The Black Keys : Brothers

<img src="" alt=" " />Self producing their sixth studio LP, the blues-rock duo from Akron, Ohio mines the spirit of Muscle Shoals, the Mississippi Delta and the American...
8.3 Nonesuch

The Black Keys : Brothers Self-producing their sixth studio LP, the blues-rock duo from Akron, Ohio mines the spirit of Muscle Shoals, the Mississippi Delta and the American garage.  Yet instead of trying to pawn their plunder off as something new, vocalist/guitarist Dan Auerbach and drummer Patrick Carney dangle their musical influences on their riffs and melodies like captured booty.  The result is their most transparent and successful offering to date. 

Sonic reverberations and found sounds such as those Jimi Hendrix panned through listener’s brains on Are You Experienced? introduce “Next Girl”.  Then a tsunami of warbled and fuzzed out guitars collide with desert drums.  Vocals delivered with a crushed-but-not-broken-spirit lament the trials and tribulations of love lost, “Oh my next girl will be nothing like, my ex girl / I made mistakes back then, I’ll never do it again / It was a painful dance, now / I got a second chance.”

The staccato guitars and Jock Jams drums of Gary Glitter’s “Rock n Roll Part 1 & 2” serve as the bedrock for “Howling for You”.  Auerbach takes the homage one step further singing “Da-da-da dat da!”  However, when he delivers the lyric, “Mockingbird / Can’t you see? / Little girl’s got a hold on me like glue / Baby I’m howling for you,” he’s got Howling Wolf stuck in his throat and Muddy Waters on his mind.

The aptly titled instrumental “Black Mud” is a murky, intoxicating tonic of nasty guitars, and backbeat drums built around the riff from “Susie Q” (as performed by John Fogerty and Credence Clearwater Revival).  With its bad-acid-trip-through-the-swamp-sensation, “Black Mud” would make a chilling addition to a future Apocalypse Now soundtrack.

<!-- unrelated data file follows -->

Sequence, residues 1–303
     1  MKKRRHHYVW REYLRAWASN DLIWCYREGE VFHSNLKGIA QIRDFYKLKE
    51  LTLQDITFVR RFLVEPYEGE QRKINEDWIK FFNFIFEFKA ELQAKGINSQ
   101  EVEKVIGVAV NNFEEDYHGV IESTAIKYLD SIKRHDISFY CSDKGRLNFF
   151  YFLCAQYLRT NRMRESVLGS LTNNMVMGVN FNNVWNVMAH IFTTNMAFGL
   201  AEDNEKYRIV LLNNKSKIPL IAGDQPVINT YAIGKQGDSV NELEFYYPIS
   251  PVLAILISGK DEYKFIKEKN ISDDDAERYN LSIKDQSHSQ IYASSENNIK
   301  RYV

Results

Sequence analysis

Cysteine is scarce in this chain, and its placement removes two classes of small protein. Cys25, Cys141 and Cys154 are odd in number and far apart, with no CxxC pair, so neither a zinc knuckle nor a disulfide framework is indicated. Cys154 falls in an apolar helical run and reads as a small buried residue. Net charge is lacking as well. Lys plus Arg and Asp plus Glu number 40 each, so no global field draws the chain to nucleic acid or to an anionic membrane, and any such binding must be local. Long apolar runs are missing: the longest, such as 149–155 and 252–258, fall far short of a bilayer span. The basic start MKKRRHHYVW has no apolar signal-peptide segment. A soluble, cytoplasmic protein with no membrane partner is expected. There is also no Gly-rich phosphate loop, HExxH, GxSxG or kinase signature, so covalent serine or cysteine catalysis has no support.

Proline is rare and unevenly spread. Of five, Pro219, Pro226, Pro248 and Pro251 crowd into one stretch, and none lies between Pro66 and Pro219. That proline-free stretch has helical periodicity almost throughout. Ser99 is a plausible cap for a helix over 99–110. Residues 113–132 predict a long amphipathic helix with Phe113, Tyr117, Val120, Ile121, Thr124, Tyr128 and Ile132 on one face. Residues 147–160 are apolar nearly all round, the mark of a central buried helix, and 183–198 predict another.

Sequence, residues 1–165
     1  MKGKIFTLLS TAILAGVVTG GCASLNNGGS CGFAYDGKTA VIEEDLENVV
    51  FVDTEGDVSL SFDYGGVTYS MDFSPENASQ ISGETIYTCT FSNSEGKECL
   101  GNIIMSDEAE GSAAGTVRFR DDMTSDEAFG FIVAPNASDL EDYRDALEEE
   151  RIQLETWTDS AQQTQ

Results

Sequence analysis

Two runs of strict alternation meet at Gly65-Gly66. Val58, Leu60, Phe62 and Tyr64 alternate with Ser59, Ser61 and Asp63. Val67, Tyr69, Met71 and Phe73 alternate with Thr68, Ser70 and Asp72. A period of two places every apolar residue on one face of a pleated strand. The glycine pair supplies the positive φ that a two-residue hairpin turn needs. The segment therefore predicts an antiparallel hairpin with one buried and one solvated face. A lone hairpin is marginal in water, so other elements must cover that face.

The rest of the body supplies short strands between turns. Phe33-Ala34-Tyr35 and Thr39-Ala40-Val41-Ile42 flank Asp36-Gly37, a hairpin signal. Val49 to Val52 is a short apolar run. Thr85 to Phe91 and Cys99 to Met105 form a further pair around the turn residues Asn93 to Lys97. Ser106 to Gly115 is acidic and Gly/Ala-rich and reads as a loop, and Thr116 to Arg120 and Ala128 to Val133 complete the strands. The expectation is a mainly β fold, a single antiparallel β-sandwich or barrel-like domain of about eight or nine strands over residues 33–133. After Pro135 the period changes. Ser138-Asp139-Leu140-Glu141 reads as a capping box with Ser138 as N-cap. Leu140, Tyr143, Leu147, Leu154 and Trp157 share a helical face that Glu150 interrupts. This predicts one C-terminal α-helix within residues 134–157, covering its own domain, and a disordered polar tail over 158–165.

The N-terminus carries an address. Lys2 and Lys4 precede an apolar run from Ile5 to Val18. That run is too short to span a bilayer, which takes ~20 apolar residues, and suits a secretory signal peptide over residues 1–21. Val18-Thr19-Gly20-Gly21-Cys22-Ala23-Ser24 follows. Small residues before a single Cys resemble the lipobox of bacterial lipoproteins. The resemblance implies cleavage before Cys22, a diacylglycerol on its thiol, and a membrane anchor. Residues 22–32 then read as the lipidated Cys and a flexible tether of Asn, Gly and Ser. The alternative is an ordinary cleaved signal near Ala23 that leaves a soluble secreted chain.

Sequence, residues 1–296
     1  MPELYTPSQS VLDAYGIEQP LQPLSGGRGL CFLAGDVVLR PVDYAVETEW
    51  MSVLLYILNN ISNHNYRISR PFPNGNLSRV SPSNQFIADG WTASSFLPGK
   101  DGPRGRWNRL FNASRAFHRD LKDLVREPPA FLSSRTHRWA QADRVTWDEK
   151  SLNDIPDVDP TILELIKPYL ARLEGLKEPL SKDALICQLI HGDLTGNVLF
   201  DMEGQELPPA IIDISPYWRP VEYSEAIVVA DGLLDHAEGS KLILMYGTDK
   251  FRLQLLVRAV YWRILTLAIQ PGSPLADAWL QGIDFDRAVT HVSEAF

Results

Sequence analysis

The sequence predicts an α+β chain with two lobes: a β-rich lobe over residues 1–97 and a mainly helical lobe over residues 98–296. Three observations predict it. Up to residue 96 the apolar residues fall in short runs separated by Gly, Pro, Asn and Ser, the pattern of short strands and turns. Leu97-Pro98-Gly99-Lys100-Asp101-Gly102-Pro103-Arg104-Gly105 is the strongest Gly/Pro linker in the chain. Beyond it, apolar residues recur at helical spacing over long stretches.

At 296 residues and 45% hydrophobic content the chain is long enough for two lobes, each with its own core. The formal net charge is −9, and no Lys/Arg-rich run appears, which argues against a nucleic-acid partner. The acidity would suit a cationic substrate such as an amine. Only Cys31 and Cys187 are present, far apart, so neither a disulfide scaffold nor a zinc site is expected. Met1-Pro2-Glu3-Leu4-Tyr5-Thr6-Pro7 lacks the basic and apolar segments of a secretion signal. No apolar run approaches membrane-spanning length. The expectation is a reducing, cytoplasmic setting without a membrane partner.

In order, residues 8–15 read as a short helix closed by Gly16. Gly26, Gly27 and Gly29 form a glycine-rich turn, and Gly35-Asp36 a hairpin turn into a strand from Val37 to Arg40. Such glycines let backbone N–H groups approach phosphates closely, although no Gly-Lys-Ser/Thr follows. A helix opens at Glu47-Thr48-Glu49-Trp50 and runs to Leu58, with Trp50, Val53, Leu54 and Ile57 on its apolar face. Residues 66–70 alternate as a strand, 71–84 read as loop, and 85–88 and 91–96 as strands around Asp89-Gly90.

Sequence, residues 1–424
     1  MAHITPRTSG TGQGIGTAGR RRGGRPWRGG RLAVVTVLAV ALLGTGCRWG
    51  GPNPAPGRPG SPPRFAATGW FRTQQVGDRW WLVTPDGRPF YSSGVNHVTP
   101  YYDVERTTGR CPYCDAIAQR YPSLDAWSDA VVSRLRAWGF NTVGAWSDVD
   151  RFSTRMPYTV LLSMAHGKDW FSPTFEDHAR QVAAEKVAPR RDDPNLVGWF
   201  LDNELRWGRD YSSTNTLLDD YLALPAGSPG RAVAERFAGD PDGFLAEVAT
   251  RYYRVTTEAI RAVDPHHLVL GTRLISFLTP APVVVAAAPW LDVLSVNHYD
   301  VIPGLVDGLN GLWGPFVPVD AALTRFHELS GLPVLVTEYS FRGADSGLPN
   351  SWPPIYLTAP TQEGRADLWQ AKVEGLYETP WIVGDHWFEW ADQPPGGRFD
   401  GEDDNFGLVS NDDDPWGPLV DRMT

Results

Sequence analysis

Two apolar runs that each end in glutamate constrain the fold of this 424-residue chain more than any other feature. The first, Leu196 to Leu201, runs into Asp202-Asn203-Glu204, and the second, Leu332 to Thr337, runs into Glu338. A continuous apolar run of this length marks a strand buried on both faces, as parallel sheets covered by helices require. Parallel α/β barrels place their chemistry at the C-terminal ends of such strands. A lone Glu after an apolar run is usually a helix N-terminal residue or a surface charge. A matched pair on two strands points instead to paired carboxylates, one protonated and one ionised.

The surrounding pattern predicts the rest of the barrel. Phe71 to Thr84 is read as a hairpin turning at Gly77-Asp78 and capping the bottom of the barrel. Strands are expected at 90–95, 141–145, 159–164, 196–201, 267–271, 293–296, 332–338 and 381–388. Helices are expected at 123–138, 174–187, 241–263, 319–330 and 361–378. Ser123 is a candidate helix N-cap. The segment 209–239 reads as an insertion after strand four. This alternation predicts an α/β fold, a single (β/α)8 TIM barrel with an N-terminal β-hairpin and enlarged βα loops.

“Ten Cent Pistol” employs a laid back and spacious chord progression reminiscent of “Harlem Shuffle”.  There is little in the music to support the tragedy depicted in the lyrics and the juxtaposition is striking.  “There’s nothing worse in this world / Than payback from a jealous girl / The laws of man / They don’t apply / When blood gets in a woman’s eye.”

Brothers tugs between throwing rocks-and-rolling in the dirt, leathery stomps (“Tighten Up”, “She’s Long Gone”, “Sinister Kid”) and hung over, vinegar-doused caresses (“These Days”, “The Only One”).  The songwriting is appealing in spite of and because of the familiarity.  The duo pays their respects yet is not bound to the traditions on which they thrive and dine.  Like Elvis, Led Zeppelin, The Rolling Stones, The White Stripes (QRO live review), Sharon Jones & The Dap Kings (QRO album review), and countless other acts who stand in the large musical shoes of their revered predecessors, The Black Keys don’t just walk awhile trying things on for size, they make up a new dance for themselves.  In the process, they revitalize and re-invent a genre for new generations.

MP3 Stream: “She’s Long Gone”

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